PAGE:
ST. GEORGE — Halfway through his first season as head coach, Dixie High’s Andy Stokes found himself facing one of those moments when saying just the right thing could make all the difference.
It was the first day of October, still smoldering hot in St. George.
Walt Brooks Stadium was empty and silent, the home game long since lost by the Dixie Flyers. Only three people lingered: Stokes, Flyers defensive coordinator Wayne Alofipo and DHS quarterback Zak Harrah, who had thrown five interceptions on the Brooks Stadium turf earlier that evening against Snow Canyon.
So, a rookie head coach and a rookie quarterback had one of those season-defining moments.
“In 2012 when we won state, we lost to Snow Canyon at the end of the regular season and it was actually a blessing,” said Alofipo, who was an assistant on that team along with Stokes. “That loss and the one this year against Snow Canyon turned out the same way. It kept us humble. It kept us hungry.”
Stokes assured Harrah that things would be all right. He told his frustrated quarterback the story of 2012, how the Flyers swept through the playoffs and won the state title, how they used the loss to fuel an intense desire to get better, to seek perfection, how the loss was actually a blessing in disguise.
“Coach, I promise to work even harder than I have to make that happen,” was all Harrah said.
Dixie hasn’t lost since, sweeping through the rest of region play, then beating Pine View and Tooele in the 3AA playoffs. Certainly, Harrah and the Flyers learned from that home loss. But so did Stokes, Alofipo and the rest of the Dixie coaching staff.
“We’ve built a lot here the past eight years or so and I didn’t want to have there be any kind of drop off when Coach (Blaine) Monkres left,” Stokes said. “The great thing is that even though he left — and he’s a football genius — the rest of the coaching staff stayed pretty much intact. There wasn’t a whole lot of change in how we do things.”
Monkres, who Stokes said is his mentor and one of his best friends, coached Dixie to a pair of state titles before taking a job as the offensive coordinator for Dixie State University last summer.
“I talk to him as much as I can,” Stokes said. “You can never get enough of a great mind like that one. We’re best friends.”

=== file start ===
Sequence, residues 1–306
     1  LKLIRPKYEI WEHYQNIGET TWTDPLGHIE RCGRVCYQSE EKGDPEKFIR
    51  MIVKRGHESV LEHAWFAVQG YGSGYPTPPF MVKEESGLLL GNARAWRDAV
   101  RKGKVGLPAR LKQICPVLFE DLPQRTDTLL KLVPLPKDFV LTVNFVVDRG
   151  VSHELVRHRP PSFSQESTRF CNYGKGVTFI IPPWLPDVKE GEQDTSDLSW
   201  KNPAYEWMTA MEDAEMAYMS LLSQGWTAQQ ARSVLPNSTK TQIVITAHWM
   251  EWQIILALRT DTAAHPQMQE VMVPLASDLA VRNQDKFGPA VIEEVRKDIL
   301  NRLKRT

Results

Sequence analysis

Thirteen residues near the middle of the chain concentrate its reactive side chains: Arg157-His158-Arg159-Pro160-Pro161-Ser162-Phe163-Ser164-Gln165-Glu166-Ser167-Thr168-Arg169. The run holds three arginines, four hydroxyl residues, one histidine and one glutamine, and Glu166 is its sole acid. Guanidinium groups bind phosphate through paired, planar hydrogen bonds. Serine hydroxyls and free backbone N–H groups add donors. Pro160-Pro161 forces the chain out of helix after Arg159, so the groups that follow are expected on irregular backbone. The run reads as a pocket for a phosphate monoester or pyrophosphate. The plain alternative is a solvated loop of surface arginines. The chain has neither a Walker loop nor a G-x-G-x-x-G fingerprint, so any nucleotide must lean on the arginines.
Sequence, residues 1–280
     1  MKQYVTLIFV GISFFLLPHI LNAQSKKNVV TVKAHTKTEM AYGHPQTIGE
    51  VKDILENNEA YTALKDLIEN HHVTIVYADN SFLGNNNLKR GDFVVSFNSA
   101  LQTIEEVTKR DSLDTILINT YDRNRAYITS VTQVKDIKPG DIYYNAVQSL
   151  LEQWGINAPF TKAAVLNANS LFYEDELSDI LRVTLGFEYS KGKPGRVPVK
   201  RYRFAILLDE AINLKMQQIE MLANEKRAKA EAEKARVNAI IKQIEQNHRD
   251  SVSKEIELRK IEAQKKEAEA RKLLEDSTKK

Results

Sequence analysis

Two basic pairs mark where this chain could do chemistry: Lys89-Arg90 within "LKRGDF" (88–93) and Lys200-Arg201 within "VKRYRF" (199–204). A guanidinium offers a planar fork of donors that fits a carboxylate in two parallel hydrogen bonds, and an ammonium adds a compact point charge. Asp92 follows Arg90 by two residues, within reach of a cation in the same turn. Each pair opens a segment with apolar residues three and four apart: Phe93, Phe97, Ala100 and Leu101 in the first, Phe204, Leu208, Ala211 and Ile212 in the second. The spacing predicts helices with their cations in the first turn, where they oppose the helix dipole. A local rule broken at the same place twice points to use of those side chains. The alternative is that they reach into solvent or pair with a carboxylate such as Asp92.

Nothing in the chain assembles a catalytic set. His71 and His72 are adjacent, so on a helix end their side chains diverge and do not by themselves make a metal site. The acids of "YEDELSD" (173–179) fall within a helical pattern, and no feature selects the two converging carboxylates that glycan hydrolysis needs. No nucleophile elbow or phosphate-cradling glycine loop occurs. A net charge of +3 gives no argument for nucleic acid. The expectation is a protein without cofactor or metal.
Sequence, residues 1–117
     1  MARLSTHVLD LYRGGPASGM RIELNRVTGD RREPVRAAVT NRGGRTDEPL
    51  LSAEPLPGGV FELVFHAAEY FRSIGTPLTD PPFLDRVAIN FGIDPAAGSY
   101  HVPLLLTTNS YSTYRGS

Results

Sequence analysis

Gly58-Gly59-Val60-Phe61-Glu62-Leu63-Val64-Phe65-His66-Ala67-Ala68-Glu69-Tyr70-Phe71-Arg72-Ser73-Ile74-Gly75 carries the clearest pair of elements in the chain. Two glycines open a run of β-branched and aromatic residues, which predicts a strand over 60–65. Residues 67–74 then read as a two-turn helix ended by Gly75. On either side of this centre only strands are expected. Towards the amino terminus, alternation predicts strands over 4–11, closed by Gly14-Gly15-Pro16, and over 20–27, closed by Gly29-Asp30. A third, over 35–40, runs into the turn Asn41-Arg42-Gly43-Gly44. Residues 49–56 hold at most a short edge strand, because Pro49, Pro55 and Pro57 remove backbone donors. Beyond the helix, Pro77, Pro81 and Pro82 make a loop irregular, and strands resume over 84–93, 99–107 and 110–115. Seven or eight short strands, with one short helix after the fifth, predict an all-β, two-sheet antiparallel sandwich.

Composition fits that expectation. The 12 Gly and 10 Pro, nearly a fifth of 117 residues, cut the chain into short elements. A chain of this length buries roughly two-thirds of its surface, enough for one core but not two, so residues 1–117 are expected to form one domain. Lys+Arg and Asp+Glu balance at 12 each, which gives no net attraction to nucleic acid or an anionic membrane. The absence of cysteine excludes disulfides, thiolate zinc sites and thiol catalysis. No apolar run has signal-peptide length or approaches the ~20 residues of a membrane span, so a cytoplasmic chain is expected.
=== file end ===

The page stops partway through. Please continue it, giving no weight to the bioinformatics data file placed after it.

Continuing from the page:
Because Dixie has been so good, Stokes said it was important that the players in the program felt continuity. He has tweaked things to his liking, but the basic philosophy, from practice to game day, has stayed the same.
“Not much has changed, except he’s put his own personal touch on a few things,” said assistant coach Sam Stevens. “Andy was heavily involved in the offense last year and so the system is pretty close to the same.”
Like Monkres, Stokes is a head coach who is not afraid to delegate. Alofipo, who Stokes calls “the best defensive coordinator in the state of Utah at any level,” has carte blanche with the defense.
“Who am I to tell him anything about defense?” Stokes said. “He knows what he’s doing and I let him do it. My role with the defense is to just help him be successful.”
Alofipo said the only time the two may disagree is when it comes down to who gets which players.
“I always tell him that we need to have a draft in the summer and see which players can go both ways and which ones are off-limits,” Alofipo said. “Seriously, we try not to play kids on both sides of the ball. We only have two kids who have gone both ways this year.”
Stokes and Alofipo are joined at the hip in many ways. They both played football at Dixie State before moving on to four-year schools. They both returned to St. George and played semi-pro football. And they both began coaching at Dixie High six years ago with the Flyer freshman program.
“I was 100 percent in his camp when the job came open last year,” Alofipo said. “I told him if he got the job, I would stay as defensive coordinator, but if anyone else got it, I was not interested. We trust each other. We have a nice chemistry.”
Stokes does differ in one aspect from his mentor Monkres — he loves to run the football.
“With Blaine, passing the ball was his default, he loved it,” Stokes said. “As a former tight end and lineman, I love the running game. The past few games, we’ve averaged about 40 runs and 22 passes. That’s what I prefer. Plus, it helps having Tre Miller in the backfield.”
Miller has rushed for more than 1,500 yards and 17 touchdowns this season as the lone back in the spread offense.
“One of the things I tell Zak is that he doesn’t have to do it all,” Stokes said. “We have a lot of weapons on this team.”
Stokes, who played tight end at William Penn University from 2001-2004, was drafted with the last pick in the 2005 NFL draft by the New England Patriots, earning him the nickname “Mr. Irrelevant” for that year.
As the Flyers prepare to defend their state title, and perhaps capture their third in the past four years, Stokes has definitely been relevant to his team in 2015.
“The kids love him,” Stevens said. “We all have a blast and we all love each other. That’s one of those things that maybe we don’t talk about much in football, but we do love each other. There’s a family togetherness at Dixie that makes us all work and play harder for each other.”
And that starts at the top.
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